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Up From Liberalism

Publisher: Literary Licensing • 1984 • 234 pages
4.7 out of 5 • View Ratings Details • 23 Ratings
Up From Liberalism

The author of God and Man at Yale, co-author of McCarthy and His Enemies and one of the most articulate spokesmen for the Right, attempts here to discredit “doctrinaire Liberalism and plead the viability of enlightened conservatism”.

In his examination of the economic and political assumptions of Liberalism, much of what the author discusses surrounds the McCarthy phenomena but he claims that he is not weighing the worth of the controversies he describes, merely the behavior of prominent Liberals caught up in them in order to demonstrate liberal intellectual and moral irresponsibility.

Who are the Liberals? “Those men and women who tend to believe that social progress is predictable…that truths are transitory and empirically determined…that equality is desirable and attainable through the action of state power…” Some typical Liberal public figures and institutions? Eleanor Roosevelt, James Wechsler, Arthur Schlesinger Jr., Adlai Stevenson, the New Republic, St. Louis Post Dispatch, New York Post, most of the N.Y. Times.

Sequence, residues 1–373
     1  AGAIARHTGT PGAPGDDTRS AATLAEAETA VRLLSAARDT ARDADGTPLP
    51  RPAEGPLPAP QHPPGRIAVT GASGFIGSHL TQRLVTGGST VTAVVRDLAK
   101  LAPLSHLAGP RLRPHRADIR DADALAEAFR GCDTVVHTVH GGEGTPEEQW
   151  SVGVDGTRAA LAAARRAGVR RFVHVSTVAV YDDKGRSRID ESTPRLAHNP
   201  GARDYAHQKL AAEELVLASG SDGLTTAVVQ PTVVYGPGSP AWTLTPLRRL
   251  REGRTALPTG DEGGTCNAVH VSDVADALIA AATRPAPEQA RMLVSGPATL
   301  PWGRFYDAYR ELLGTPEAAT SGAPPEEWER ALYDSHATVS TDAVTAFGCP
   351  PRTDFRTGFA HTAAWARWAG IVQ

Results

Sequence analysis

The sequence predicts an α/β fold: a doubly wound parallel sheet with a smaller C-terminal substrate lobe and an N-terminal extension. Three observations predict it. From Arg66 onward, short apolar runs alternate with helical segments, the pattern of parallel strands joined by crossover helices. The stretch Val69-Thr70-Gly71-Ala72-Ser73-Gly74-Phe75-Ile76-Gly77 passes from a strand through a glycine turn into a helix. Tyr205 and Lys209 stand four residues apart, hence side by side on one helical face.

In dealing with such questions as: the legality of enforced desegregation, the activities of congressional committees, academic freedom, conformity on campus and various ramifications of the Welfare State, Buckley admits that the conservative position has not been adequately demonstrated and he indicts Old Guard Republicanism for its irrelevancy and Modern Republicanism for its pseudo-Liberalism.

In the area of the controversial Buckley’s intellectual agility and facility for impaling logical fallacy has already been established as provoking and/or provocative.

Book Review from Kirkus Reviews

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